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Understanding Your Rights as a Injured Construction Worker: Workers’ Comp Benefits Explained

Read­ing Time: 4 min­utes

Last Updat­ed on May 24, 2023 

If you’re a con­struc­tion work­er who has been injured on the job, work­ers’ comp ben­e­fits can pro­vide crit­i­cal sup­port for your recov­ery. How­ev­er, it’s impor­tant to under­stand your rights and eli­gi­bil­i­ty for these ben­e­fits, and to take action if your claim is denied. As a work­ers’ comp lawyer, I’m here to help. Con­tact me at 844–682‑0999 for a free con­sul­ta­tion to dis­cuss your case and explore your options.

Workers’ Comp Benefits: What Construction Workers Need to Know

Con­struc­tion work­ers face numer­ous haz­ards on the job site every day, from slips, trips, and falls to expo­sure to haz­ardous mate­ri­als and heavy machin­ery. In the event of an acci­dent, work­ers’ com­pen­sa­tion ben­e­fits can pro­vide crit­i­cal finan­cial sup­port to cov­er med­ical expens­es and lost wages.

As a work­ers’ comp lawyer, I’ve seen first­hand how impor­tant it is for con­struc­tion work­ers to under­stand their rights and eli­gi­bil­i­ty for work­ers’ comp ben­e­fits. In this arti­cle, I’ll pro­vide an overview of work­ers’ comp ben­e­fits for con­struc­tion work­ers, includ­ing what they cov­er, how to file a claim, and what to do if your claim is denied. 

Understanding Workers’ Comp Benefits in Construction

Work­ers’ com­pen­sa­tion is a form of insur­ance that pro­vides ben­e­fits to employ­ees who are injured on the job, regard­less of fault. In con­struc­tion, where the risk of injury is high, work­ers’ comp ben­e­fits are espe­cial­ly impor­tant. These ben­e­fits can cov­er a range of expens­es, includ­ing med­ical bills, lost wages, and voca­tion­al rehabilitation.

One key aspect of work­ers’ comp for con­struc­tion work­ers is that it cov­ers both acci­dents and occu­pa­tion­al ill­ness­es. For exam­ple, if a con­struc­tion work­er devel­ops a res­pi­ra­to­ry con­di­tion from expo­sure to asbestos, they may be eli­gi­ble for work­ers’ comp ben­e­fits. Addi­tion­al­ly, work­ers’ comp ben­e­fits may be avail­able in cas­es of repet­i­tive strain injuries or hear­ing loss caused by pro­longed expo­sure to loud noises.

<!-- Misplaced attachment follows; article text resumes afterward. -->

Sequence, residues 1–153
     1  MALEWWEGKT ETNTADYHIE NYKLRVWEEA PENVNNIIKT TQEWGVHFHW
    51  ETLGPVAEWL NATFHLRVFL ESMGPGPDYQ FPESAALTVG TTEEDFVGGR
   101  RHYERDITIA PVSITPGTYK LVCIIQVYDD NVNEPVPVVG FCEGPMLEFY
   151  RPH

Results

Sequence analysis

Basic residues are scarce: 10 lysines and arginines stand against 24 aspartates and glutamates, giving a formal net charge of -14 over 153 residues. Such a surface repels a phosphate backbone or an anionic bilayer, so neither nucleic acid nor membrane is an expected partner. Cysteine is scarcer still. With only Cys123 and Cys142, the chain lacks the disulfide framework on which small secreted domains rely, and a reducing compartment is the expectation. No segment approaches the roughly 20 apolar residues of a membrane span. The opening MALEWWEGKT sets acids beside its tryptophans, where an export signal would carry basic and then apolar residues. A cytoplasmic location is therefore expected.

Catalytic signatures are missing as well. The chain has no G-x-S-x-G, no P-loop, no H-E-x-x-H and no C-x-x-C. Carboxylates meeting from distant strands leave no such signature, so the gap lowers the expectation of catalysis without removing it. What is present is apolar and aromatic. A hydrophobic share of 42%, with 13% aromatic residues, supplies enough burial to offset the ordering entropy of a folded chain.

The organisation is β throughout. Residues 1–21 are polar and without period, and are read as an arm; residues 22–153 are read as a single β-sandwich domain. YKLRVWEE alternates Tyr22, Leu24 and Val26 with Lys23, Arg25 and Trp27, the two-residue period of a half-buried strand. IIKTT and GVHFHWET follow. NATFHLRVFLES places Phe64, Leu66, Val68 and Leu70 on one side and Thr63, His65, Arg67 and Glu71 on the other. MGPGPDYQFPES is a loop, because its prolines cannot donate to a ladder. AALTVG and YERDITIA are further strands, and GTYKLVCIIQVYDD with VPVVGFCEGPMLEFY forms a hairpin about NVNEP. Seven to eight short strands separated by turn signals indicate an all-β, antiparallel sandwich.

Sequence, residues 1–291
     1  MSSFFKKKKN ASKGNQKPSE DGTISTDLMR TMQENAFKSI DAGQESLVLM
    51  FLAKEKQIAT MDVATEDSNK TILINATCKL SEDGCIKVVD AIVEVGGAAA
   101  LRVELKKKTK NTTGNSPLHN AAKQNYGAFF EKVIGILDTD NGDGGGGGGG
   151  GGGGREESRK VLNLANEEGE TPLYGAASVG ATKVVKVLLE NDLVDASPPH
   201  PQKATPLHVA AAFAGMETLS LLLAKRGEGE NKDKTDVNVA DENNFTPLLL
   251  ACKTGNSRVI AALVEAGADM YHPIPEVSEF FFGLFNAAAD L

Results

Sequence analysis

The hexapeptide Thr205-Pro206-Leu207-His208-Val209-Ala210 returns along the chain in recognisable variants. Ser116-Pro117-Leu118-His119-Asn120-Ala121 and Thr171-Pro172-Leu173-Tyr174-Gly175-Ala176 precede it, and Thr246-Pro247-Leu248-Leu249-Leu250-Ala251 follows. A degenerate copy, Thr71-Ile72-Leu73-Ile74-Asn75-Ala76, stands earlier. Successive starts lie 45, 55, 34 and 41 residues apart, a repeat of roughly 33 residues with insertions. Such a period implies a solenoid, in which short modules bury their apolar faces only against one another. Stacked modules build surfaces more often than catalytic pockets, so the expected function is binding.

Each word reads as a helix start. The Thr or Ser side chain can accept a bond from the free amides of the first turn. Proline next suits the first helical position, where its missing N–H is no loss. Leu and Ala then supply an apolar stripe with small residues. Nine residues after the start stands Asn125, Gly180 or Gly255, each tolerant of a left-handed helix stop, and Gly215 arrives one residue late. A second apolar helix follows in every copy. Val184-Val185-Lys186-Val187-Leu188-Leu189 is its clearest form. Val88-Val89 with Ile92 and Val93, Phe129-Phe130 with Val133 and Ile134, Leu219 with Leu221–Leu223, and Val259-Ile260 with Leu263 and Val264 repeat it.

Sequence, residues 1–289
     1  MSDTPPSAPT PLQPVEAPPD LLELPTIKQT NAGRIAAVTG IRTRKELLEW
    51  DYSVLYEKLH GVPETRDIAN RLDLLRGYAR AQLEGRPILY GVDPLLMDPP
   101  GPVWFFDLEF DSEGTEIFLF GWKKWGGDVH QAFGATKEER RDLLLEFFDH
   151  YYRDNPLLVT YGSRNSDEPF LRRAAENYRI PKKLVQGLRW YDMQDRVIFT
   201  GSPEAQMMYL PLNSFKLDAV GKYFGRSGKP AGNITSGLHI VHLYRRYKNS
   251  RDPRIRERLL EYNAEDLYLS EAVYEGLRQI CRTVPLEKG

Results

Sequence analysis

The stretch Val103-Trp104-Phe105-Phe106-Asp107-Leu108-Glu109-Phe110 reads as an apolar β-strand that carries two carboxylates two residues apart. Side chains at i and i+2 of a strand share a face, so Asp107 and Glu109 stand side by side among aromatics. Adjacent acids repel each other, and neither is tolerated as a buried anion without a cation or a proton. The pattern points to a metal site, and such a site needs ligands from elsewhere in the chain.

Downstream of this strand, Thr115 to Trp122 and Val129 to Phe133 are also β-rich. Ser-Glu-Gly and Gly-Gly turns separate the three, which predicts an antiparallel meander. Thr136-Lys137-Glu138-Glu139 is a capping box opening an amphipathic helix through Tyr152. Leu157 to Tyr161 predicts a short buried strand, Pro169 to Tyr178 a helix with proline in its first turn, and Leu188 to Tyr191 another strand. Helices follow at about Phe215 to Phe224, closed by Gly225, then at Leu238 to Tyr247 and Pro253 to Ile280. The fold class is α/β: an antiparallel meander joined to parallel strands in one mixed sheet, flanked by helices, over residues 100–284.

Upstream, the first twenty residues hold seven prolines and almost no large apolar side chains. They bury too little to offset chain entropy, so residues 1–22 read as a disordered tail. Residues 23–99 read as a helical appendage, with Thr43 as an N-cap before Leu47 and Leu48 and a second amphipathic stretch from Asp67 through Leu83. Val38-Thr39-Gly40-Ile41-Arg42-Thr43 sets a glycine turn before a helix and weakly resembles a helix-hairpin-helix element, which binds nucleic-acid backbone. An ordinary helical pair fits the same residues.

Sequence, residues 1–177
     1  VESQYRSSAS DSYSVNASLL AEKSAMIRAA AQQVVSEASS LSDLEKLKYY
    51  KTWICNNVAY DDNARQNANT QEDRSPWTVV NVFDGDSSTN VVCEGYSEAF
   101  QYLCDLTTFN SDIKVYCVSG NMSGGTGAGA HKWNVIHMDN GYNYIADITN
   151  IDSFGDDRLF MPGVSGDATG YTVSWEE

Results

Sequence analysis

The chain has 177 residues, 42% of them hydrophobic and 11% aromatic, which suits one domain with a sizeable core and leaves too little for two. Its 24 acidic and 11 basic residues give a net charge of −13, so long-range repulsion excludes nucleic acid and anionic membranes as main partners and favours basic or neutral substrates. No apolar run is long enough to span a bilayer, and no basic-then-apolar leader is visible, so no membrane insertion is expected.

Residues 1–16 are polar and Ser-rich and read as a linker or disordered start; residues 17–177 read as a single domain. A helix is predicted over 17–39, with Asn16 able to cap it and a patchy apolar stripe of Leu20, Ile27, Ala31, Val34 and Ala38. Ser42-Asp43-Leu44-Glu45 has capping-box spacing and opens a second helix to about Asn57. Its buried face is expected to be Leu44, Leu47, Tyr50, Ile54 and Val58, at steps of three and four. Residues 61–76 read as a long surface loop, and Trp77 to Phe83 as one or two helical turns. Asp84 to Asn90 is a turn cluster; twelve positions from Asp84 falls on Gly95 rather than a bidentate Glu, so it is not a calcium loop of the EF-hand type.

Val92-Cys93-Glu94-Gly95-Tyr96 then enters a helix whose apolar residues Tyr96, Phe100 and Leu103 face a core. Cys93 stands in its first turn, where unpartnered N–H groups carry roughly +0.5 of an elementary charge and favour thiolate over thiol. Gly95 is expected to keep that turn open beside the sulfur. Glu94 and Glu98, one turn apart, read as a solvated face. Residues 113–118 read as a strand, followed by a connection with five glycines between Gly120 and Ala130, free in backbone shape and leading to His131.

To be eli­gi­ble for work­ers’ comp ben­e­fits, con­struc­tion work­ers gen­er­al­ly need to meet three criteria:

  • They must be an employ­ee (not an inde­pen­dent contractor)
  • The injury or ill­ness must be work-related
  • The injury or ill­ness must have occurred with­in the scope of employment

What Workers’ Comp Benefits Cover

Work­ers’ comp ben­e­fits can cov­er a range of expens­es relat­ed to a work-relat­ed injury or ill­ness. Here are some of the most com­mon ben­e­fits that may be avail­able to con­struc­tion workers:

  • Med­ical expens­es: This can include doc­tor vis­its, hos­pi­tal­iza­tion, surgery, pre­scrip­tion med­ica­tions, and oth­er nec­es­sary med­ical treatments.
  • Lost wages: If a con­struc­tion work­er is unable to work due to their injury or ill­ness, work­ers’ comp ben­e­fits can pro­vide a per­cent­age of their lost wages. The per­cent­age varies by state and may be sub­ject to a week­ly maximum.
  • Voca­tion­al reha­bil­i­ta­tion: In cas­es where an injury or ill­ness pre­vents a con­struc­tion work­er from return­ing to their pre­vi­ous job, work­ers’ comp ben­e­fits may cov­er voca­tion­al reha­bil­i­ta­tion to help them train for a new career.